Exploring Catechisms

In preparation for the theological education of my children, I’ve been studying catechisms. Since we’re a classically protestant family, the obvious place to look is the catechisms of the Reformation. I picked up Luther’s shorter catechism, the Heidelberg catechism, the Westminster shorter catechism, and (more for reference than use) Calvin’s own Geneva catechism.

Catechisms flourished during the Reformation because it was a fundamentally educational movement. In an age when the laity didn’t have access to Bibles, theological education was minimal, and the liturgy was in Latin which in some cases the priests didn’t even understand, the Reformers sought to pass on as much theological and Biblical knowledge as possible. Services were done in the local languages, Bibles were translated and printed, and catechisms were written and used. Here is Calvin’s justification for his own:

It has ever been the practice of the Church, and one carefully attended to, to see that children should be duly instructed in the Christian religion. That this might be done more conveniently, not only were schools opened in old time, and individuals enjoined properly to teach their families, but it was a received public custom and practice, to question children in the churches on each of the heads, which should be common and well known to all Christians. To secure this being done in order, there was written out a formula, which was called a Catechism or Institute... What we now bring forward, therefore, is nothing else than the use of things which from ancient times were observed by Christians, and the true worshippers of God, and which never were laid aside until the Church was wholly corrupted.

The big take-home of my study is how incredibly good the Heidelberg catechism, but there are good things to be said about the others as well, so I’ll start there.

Lutherans and the Reformed place different emphases on the law as summarized by the 10 commandments. Lutherans stress its role in condemning us and showing us our sin, as our schoolmaster to lead us to Christ. Without denying that, the Reformed are more likely to stress the Law as the standard of God’s perfect righteousness, at which Christians aim in their pursuit of holiness.

Nevertheless, the treatment of the 10 commandments in Lutheran and Reformed catechisms is remarkably similar. Heidelberg, Westminster, and Luther all present the 10 commandments through the lens of Christ’s summary of the law (love the Lord your God and love your neighbor as yourself) and his interpretation of the spirit of the law (Matt. 5:17-28). They both present the first table (commandments 1-4 or 1-3. Luther’s numbering is non-standard) as related to loving God, and the second table as related to loving neighbor. They both interpret the spirit of the commandments as not only forbidding vice but enjoining the opposite virtue. So the sixth commandment forbids not only murder and hating your neighbor, but requires love for your neighbor. In the most interesting and wonderfully holistic application of this, Westminster interprets the seventh commandment as requiring us to support and work for the chastity of our neighbors as well as ourselves.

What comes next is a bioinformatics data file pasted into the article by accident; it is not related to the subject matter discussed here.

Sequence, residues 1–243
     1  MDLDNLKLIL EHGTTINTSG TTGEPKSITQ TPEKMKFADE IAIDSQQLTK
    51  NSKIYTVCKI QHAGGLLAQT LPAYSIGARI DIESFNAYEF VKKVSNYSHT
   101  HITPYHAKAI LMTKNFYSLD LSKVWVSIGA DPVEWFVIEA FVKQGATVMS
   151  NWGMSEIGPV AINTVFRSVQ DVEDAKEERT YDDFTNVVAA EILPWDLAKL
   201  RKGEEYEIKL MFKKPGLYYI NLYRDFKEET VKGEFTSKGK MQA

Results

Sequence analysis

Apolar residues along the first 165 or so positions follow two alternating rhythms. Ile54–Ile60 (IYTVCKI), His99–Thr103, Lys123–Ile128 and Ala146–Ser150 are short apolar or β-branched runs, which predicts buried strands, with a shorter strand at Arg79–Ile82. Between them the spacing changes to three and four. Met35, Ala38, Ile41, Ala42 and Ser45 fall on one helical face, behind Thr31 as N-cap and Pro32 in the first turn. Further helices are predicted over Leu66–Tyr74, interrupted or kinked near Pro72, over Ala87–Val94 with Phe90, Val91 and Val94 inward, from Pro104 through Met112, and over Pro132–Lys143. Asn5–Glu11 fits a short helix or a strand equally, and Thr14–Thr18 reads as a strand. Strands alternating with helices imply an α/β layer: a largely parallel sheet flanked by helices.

Of the catechisms I read, Luther’s is best designed to integrate family and church spiritual instruction. He presents a condensed series of questions and answers specifically for fathers to use in instructing their children, which is expanded and explained in more detail by the full catechism for use in a more formal examination by the pastor.

The Westminster catechism is very good as well. Although I loved the content, as a product of the 17th century it has a precise and propositional feel that makes it rather unsuitable for use with young children. Only Calvin’s is less accessible (his reads more like a dialog, is not very memorizable, and I can’t imagine it being used with anyone short of a bright high-schooler).

Westminster’s famous opening question - “What is the chief end of man?” – is adapted from the opening question of the Geneva catechism - “What is the chief end of human life?" Calvin’s answer - “To know God by whom men were created” – is affirmed but also expanded upon: “To glorify God and enjoy him forever”. The additions are definitely an improvement in their focus on the personal benefit of redemption.

Particularly surprising is the high view of the instrumentality of baptism in the Geneva Catechism. It is not Lutheran, but doesn’t shy away from attributing efficacy to baptism:

Master. – ...what is the meaning of Baptism?

Scholar. - It consists of two parts. For, first, Forgiveness of sins; and, secondly, Spiritual regeneration, is figured by it. (Eph. v. 26 ; Rom. vi. 4.)

Master. - What resemblance has water 'with these things, so as to represent them?

Scholar. - Forgiveness of sins is a kind of washing, by which our souls are cleansed from their defilements, just as bodily stains are washed away by water.


Master. - But do you attribute nothing more to the water than that it is a figure of ablution?

Scholar. - I understand it to be a figure, but still so that the reality is annexed to it; for God does not disappoint us when he promises us his gifts. Accordingly, it is certain that both pardon of sins and newness of life are offered to us in baptism, and received by us.


Master. - How are these blessings bestowed upon us by Baptism?

Scholar. - If we do not render the promises there offered unfruitful by rejecting them, we are clothed with Christ, and presented with his Spirit.

Next time: Heidelberg!

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